Leung, J.Y.S., Nagelkerken, I., Pistevos, J.C.A., Xie, Z., Zhang, S., and S.D. Connell. 2021. Shark teeth can resist ocean acidification. Global Change Biology 28: 2286-2295 https://onlinelibrary.wiley.com/doi/epdf/10.1111/gcb.16052
Increasing levels of CO2 in the atmosphere are causing problems for animals on land and in the ocean. The planet is warming, and oceans are becoming more acidic as carbon dioxide enters the water. This acidified seawater can have a “corrosive” effect on many marine organisms that use calcium carbonate to make shells, and may also have an effect on shark teeth. This corrosive effect may make teeth more brittle and easier to break, compromising how well the teeth can grab prey. Sharks are important predators and often help control ecosystem dynamics. Researchers from China, Australia, and French Polynesia set out to investigate whether sharks could modify the properties of their teeth in order to adapt to warming and ocean acidification.
The researchers collected eggs of the Port Jackson shark, a bottom-dwelling shark, and raised the eggs under different pH and temperature conditions. Sharks were raised under 4 different types of conditions, at either pH 8.0 or 7.7, and temperatures of either 16°C or 19°C. pH 8.0 and 16°C represent current ocean conditions, while pH 7.7 and 19°C represent a warmer, more acidic ocean, similar to what may be experienced in the future. Once the eggs hatched juvenile sharks were transferred to larger tanks and raised for two months under the same treatment condition.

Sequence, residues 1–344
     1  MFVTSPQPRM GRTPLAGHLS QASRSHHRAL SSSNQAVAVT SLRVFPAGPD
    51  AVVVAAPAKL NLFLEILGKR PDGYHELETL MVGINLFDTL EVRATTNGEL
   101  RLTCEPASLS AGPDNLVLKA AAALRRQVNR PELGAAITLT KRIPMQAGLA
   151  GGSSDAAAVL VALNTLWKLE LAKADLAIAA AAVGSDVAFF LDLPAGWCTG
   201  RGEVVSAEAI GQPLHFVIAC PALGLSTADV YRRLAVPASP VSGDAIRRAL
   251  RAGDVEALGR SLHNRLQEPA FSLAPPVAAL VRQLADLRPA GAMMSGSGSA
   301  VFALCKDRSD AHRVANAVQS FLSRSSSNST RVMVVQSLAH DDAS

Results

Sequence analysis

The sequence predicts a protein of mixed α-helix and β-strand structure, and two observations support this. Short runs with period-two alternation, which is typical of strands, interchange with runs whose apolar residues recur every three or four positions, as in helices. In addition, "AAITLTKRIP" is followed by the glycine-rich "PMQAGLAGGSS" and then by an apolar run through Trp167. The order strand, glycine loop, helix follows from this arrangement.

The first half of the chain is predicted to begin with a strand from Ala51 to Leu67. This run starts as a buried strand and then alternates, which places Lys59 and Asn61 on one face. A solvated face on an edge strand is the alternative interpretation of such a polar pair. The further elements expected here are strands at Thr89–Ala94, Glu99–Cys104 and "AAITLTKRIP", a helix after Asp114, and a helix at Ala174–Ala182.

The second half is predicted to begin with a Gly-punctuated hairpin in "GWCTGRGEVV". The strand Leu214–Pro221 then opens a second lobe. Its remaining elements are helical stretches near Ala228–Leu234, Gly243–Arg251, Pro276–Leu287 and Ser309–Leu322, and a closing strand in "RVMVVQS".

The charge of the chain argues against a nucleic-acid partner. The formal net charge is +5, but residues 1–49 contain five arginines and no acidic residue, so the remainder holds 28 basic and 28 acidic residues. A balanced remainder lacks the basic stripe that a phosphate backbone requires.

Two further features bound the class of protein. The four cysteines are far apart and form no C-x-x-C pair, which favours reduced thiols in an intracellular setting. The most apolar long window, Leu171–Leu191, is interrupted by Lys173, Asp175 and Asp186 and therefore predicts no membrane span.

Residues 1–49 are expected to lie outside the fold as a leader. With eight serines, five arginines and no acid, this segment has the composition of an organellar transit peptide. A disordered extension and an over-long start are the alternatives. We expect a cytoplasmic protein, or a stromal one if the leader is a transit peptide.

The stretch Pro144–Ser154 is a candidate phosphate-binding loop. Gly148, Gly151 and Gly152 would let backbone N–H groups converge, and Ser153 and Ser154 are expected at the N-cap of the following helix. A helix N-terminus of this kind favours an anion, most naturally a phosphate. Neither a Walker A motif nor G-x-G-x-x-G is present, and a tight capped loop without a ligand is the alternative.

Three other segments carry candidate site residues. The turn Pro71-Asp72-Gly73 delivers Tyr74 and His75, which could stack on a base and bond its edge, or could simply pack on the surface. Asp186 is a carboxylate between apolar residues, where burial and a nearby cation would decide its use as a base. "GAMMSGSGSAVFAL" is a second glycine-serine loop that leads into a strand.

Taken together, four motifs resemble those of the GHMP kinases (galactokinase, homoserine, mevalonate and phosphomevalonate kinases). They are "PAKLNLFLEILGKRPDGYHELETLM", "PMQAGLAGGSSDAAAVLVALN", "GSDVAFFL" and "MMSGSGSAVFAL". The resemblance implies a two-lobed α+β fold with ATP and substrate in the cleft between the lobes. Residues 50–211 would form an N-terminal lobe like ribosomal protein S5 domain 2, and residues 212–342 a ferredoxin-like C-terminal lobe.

After the two months of exposure, sharks from each treatment were randomly selected and humanely euthanized. The scientists then dissected out the jaws to measure a number of tooth properties, including hardness (resistance), elasticity (stiffness), durability (number of teeth that were damaged), elemental composition, and crystallinity (the degree of structural order).
Sharks raised in acidic seawater for two months showed reduced hardness, increased elasticity, increased crystallinity, and more fluoride content in their teeth. The scientists hypothesized that these sharks were increasing the fluoride content in their teeth in response to the more acidic seawater, because fluoride is a more stable component and promotes more structured, crystalline teeth. Increased crystallinity makes teeth stronger and more durable, so increasing the fluoride content in teeth may make shark teeth more resistant to the “corrosive” effect of acidified seawater.
Even as the oceans continue to warm and become more acidic, these results seem to be good news for sharks. These researchers provide some evidence that sharks may be able to adjust the mineral properties of their teeth to maintain durability. If this is the case, sharks like the Port Jackson could adapt to a more acidic ocean in the future. This top predator would still have the same impact on the food web, maintaining ecosystem stability.
I’m a PhD student in Oceanography at the University of Connecticut, Avery Point. My current research interests involve microplastics and their effects on marine suspension feeding bivalves, and biological solutions to the issue of microplastics. Prior to grad school I received my B.S in Biology from Gettysburg College, and worked for the U.S Geological Survey before spending two years at a remote salmon hatchery in Alaska. Most of my free time is spent at the gym, fostering cats for a local rescue, and trying to find the best cold brew in southeastern CT.